We hope you will pardon our lengthy welcome, but we do appreciate your willingness to discuss, and look forward to having interesting discussions with you!

  5. 12 months ago on Frazz

    Jef (or, as Pastis would have it, Jeff the Cyclist) can produce lovely artwork from time-to-time. Exercise is indeed important (over 70 here, not saying how much, but still do handstands…), but not so funny. Fart jokes get laughs from many, but they are not our style.

    On the other hand, Watterson makes us laugh out loud, often makes good social commentary, and has some lovely artwork. Something for Jef to aspire to?

    Perhaps you could mention it to him…

  6. 12 months ago on Get Fuzzy

    OK, this one made me laugh. I had to change my avatar.

  7. 12 months ago on Frazz

    It might, of course, even be possible to ‘get people thinking’ AND make them laugh at the same time…..but that might require exceptional talent?

    Ç’est la vie. OK, la vee!


  8. 12 months ago on Back to B.C.

    Johnny Hart had a delightful sense of the absurd. This cartoon is an example. Like his detachable shadows that would climb a mountain and rejoin a character who went through a tunnel when coming out the other side, this is using the fact that an object subtends a smaller angle at the viewer’s eye as it flies farther away. It looks smaller as it goes farther.

    The joke is that the ball still looks smaller when the character catches up with it, as if flying away had made it really shrink rather than just being an effect of distance vs. angle subtended.

    I have always liked Hart’s absurdities. :)

  9. about 1 year ago on Get Fuzzy

    While I have never tasted dog or cat myself, I am aware that shops in the far east, in China, e.g., sell live puppies for peope to eat, as well as snakes, scorpians, and just about everything else. Remember the bats?

    I knew a man who had established trade relations in China. He spoke of ‘shopping’ with his government-assigned guide. They saw live animals of many descriptions, and the guide even got him to buy a live snake for dinner- it writhed continually in a bag as they walked. When they passed a display window full of cute puppies, the guide noticed his interest and asked if he wanted a puppy for dinner- it was not a pet shop, but rather a live food shop. He managed to explain to the guide that eating a puppy was not his wish for that evening.

    Humans have cultures. They can be very different in detail, but a culture still represents a group’s adaptations to their environment, and their adjustment of that environment to better suit their needs.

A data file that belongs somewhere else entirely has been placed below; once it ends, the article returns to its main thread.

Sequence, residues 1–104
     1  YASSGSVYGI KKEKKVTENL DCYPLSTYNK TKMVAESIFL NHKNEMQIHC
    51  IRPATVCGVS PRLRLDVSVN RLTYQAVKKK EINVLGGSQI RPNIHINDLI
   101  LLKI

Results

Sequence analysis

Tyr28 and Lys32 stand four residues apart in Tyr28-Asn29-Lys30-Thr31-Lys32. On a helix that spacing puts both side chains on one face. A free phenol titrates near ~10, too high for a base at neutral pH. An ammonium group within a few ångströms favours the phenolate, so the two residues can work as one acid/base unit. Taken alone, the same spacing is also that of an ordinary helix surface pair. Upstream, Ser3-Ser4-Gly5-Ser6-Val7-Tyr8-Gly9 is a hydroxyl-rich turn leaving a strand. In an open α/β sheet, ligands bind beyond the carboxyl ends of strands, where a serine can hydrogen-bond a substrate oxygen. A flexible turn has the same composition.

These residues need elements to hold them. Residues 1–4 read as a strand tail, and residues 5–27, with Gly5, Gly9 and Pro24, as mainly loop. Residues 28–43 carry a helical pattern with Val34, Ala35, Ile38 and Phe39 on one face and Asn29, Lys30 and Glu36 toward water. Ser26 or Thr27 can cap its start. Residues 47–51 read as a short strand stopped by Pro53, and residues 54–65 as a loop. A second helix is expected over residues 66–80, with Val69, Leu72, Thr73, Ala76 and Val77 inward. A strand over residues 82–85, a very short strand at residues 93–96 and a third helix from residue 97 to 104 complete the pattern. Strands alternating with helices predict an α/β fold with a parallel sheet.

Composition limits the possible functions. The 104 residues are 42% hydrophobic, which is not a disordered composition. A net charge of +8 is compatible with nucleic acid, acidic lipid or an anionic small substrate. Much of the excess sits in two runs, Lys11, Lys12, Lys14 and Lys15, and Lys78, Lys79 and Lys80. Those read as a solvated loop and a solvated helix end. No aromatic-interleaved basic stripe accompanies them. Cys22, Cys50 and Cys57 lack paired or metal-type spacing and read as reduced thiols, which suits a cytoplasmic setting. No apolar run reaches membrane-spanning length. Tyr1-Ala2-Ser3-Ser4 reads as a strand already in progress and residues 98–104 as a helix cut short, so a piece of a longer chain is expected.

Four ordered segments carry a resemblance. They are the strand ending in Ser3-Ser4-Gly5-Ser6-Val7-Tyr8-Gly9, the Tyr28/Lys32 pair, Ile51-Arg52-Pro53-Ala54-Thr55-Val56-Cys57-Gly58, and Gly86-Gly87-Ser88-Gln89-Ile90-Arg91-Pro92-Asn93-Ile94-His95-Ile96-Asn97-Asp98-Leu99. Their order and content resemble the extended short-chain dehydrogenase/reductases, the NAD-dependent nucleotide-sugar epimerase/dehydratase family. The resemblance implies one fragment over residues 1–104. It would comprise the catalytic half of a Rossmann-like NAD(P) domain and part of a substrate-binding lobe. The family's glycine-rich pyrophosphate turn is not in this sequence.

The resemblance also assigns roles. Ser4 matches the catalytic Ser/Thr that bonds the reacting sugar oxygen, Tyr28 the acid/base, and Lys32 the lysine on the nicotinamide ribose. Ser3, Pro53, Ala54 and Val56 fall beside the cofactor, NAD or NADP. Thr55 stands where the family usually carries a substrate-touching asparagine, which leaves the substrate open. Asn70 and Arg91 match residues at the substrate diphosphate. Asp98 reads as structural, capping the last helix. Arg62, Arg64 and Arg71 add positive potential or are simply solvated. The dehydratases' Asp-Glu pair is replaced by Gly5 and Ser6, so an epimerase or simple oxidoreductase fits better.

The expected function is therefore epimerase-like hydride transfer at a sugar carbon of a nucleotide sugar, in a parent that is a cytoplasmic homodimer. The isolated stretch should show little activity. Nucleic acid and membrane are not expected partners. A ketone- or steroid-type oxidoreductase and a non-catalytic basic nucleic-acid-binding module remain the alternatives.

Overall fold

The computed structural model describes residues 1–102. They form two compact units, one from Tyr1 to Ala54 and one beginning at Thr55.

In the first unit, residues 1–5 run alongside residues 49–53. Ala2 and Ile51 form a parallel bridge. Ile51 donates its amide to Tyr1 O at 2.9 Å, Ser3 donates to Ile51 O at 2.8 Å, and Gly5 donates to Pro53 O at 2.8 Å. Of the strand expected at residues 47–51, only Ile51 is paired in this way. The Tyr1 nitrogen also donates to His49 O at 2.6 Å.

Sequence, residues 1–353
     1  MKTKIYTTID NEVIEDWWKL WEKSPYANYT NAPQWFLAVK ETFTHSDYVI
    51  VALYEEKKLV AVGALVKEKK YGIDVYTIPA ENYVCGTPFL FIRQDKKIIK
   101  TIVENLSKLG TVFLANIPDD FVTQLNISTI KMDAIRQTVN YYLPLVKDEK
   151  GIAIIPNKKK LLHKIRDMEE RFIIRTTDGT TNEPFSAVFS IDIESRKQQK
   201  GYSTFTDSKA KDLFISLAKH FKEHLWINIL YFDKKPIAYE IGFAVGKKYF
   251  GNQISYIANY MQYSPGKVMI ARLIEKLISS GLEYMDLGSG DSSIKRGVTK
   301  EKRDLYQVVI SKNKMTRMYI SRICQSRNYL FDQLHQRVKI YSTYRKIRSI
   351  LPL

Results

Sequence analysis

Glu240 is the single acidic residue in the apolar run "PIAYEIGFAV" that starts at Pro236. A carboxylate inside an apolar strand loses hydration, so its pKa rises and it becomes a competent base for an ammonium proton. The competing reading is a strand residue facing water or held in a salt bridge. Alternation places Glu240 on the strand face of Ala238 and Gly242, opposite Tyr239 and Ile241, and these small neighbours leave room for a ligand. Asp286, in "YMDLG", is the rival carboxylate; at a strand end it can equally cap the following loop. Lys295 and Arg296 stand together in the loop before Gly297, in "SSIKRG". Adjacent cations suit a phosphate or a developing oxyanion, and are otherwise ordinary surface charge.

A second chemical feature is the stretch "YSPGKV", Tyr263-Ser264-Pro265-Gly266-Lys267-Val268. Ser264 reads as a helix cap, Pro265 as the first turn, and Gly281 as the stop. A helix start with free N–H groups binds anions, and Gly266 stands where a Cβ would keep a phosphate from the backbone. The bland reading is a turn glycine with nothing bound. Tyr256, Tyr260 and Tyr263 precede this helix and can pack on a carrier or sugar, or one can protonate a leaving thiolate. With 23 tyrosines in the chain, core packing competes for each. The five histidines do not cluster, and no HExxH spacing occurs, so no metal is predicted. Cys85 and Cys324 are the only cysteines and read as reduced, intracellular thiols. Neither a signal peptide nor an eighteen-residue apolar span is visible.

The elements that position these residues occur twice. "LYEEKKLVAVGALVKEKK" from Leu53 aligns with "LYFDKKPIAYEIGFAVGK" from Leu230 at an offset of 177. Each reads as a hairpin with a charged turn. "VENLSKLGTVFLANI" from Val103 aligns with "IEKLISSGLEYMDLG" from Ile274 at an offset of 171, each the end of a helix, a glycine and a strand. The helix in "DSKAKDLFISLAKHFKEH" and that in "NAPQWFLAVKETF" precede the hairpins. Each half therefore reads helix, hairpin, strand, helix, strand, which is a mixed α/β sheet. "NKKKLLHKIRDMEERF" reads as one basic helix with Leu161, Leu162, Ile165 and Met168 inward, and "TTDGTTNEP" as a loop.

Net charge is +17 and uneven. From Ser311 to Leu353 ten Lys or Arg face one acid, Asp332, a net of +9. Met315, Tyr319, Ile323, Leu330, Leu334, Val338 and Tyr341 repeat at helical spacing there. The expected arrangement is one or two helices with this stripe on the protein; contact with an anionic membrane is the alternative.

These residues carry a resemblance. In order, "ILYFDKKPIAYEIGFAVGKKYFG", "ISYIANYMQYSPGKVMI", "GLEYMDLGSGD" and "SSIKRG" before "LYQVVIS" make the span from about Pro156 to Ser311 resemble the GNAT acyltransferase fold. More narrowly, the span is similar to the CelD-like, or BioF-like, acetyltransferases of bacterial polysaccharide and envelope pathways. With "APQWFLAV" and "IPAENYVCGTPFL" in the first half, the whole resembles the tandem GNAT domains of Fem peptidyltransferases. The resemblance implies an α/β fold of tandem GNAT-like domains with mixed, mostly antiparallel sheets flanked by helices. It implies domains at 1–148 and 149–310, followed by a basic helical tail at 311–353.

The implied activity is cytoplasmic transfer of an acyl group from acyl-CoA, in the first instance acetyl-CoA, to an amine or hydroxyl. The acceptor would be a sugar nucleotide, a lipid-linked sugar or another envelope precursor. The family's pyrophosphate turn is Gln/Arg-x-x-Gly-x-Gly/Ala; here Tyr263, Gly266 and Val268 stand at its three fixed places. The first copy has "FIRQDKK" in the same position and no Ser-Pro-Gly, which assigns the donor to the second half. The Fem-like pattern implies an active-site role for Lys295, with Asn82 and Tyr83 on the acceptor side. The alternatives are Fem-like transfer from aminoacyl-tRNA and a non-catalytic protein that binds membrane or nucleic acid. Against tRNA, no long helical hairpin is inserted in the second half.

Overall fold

I don’t trouble people whose cultures include eating animals I don’t eat. I don’t try to tell them they are wrong to do as they do. After all, from their viewpoint, I am the one with strange customs…

  10. about 1 year ago on Get Fuzzy

    My question was directed at your “I think people who have a hatred for either cats or dogs have a severe mental disorder” remark. I didn’t notice anyone expressing hatred for cats or dogs.

    My own remark was directed at the trend toward cooperation in biological systems. All ‘higher organisms’ are a cooperative collection of cells, which cells must perform their special tasks in order for the organism as a whole to survive.

    Some species of ‘higher organisms’ have one-upped that success, by developing mechanisms by which ‘individual’ organisms (which are themselves cooperative groups of cells) are able to cooperate to make their groups more successful. Homo sapiens, dogs, bees, ants, etc. are examples of this next level of cooperation.Humans are highly suggestible, sensitive to group acceptance, fiercely cooperative in destroying any threat to their group, quick to establish leadership/dominance relationships, pained by the loss of group members, etc, etc.Dogs also establish dominance relationships, fight together, defend the group together, seek comfort from and give comfort to each other, and so fit into our social groups. They accept us as group leaders, and will fight to the death to defend us as part of their group.

    So far as I have been able to observe, cats have not reached the same level of group necessity. That does not mean the ones that live with us are not acquiring traits that make their symbiosis satisfactory to members of both species. It does suggest they are not at our level of caring cooperation yet.